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Tot 10: Monkey (Wrench) in the Middle Evaluating Middle Ear Function in Young Children

Smith, Joanna T. MS; Wolfe, Jace PhD

doi: 10.1097/01.HJ.0000436553.87379.a9

Ms. Smith, left, is cofounder and executive director of Hearts for Hearing in Oklahoma City. Dr. Wolfe is director of audiology at Hearts for Hearing and an adjunct assistant professor at the University of Oklahoma Health Sciences Center and Salus University.



Over the past few years, middle ear measurements have suffered from middle child syndrome, with our profession failing to fully appreciate their role in our bag of tools for assessing tiny tots.



Well, just like a middle child typically overachieves to overcome a perceived lack of attention, the middle ear plays a huge part of every audiology measure we use in the clinic. In addition, middle ear measurement is arguably more complex than its sibling measurements.

Before we start on the ten pearls audiologists should keep in mind when evaluating middle ear function in infants and young children, we would like to acknowledge Robert Margolis, Doug Keefe, James Jerger, Lisa Hunter, Navid Shahnaz, Stephen Painton, Jay Hall, and Joseph Kei for helping us reconcile the complex physics of acoustic immittance in infants.

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You are probably well aware that the middle ear measurement protocols we use for adults are not appropriate for infants. This is because of significant differences in the anatomy and physiology of the external and middle ears during the first few months of life.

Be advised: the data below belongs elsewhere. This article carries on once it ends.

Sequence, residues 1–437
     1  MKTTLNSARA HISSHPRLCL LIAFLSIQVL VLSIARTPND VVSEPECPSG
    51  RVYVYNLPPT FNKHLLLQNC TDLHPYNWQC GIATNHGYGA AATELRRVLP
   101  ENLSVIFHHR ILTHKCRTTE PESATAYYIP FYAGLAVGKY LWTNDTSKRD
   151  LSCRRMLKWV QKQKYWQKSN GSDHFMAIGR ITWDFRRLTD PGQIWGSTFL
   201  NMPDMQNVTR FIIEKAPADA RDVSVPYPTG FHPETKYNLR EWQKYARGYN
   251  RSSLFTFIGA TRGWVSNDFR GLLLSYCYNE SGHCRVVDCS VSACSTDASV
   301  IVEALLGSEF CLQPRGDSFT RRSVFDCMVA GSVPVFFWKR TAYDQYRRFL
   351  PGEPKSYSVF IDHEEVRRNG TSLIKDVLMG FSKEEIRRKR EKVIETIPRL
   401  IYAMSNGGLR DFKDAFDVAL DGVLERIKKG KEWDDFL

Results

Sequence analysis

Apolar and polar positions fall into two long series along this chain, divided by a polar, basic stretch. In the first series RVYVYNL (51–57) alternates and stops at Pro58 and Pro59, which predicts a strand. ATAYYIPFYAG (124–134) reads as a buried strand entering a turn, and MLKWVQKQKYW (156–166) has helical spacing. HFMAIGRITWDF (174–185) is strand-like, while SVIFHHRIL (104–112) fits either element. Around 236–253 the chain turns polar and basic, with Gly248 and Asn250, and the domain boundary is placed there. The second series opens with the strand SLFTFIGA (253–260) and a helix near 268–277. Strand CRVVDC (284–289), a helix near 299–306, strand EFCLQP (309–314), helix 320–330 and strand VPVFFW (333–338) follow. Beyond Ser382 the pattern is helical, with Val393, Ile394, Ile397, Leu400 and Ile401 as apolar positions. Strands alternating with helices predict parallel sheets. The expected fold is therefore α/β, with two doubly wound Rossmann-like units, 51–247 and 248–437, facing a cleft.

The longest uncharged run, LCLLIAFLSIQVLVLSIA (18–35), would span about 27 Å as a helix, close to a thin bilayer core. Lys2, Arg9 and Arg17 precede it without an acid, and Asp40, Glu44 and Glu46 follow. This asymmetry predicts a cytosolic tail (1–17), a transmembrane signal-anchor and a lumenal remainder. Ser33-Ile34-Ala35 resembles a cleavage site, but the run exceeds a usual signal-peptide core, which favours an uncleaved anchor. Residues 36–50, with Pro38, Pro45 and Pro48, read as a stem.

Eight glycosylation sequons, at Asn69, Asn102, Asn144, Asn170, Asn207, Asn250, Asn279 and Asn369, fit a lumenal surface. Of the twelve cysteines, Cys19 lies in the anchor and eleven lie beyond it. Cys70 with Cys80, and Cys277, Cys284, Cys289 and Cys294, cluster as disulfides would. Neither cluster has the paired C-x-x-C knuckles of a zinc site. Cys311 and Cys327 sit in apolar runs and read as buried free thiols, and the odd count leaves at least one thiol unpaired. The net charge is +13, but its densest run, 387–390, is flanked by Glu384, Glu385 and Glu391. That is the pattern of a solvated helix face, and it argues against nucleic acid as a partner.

First, the outer third of the adult external ear canal is made of cartilage, while the inner two-thirds is comprised of bone. In contrast, the entire infant external ear canal consists of soft cartilaginous tissue.

In addition, Piza and colleagues reported that every infant temporal bone they studied possessed mesenchyme in the middle ear space (Laryngoscope 1996;106[7]:856-864"). Other researchers have suggested an increased likelihood of middle ear effusion in infants (Laryngoscope 1993;103[1 pt 2 suppl 58]:1-31). The presence of mesenchyme and effusion would definitely mass-load the middle ear system and reduce its resonant frequency, and it also may increase the resistance of the system.

Furthermore, the tympanic membrane of infants is likely thicker than the adult tympanic membrane, which also may contribute to a greater mass effect.

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The aforementioned physical differences in adult and infant ear anatomy affect tympanometry in a handful of ways. We should start by noting that researchers are still not entirely certain of the exact mechanisms responsible for the differences observed between adults’ and infants’ tympanograms.

When highly positive or negative pressure is introduced into the ear canal, the difference in pressure between the external and middle ear spaces is substantial, and the eardrum is “pushed into” or “pulled out” of the middle ear space, respectively. This essentially results in the eardrum acting as a “wall” to the passage of sound so that the probe tone remains within the hard, bony walls of the external ear canal.

In contrast, an infant's cartilaginous ear canal wall is compliant and will likely expand in response to the positive pressure changes introduced into the ear canal at the beginning of the tympanometric measurement.

Second, the presence of increased mass in a system will decrease the resonant frequency of that system. The typical adult middle ear system has an input resonant frequency between 800 and 1,200 Hz at the eardrum, while the infant middle ear has a primary resonance around 450 Hz, with a second resonance near 700 Hz. This difference in middle ear resonance is also responsible for differences in an infant's tympanometric results.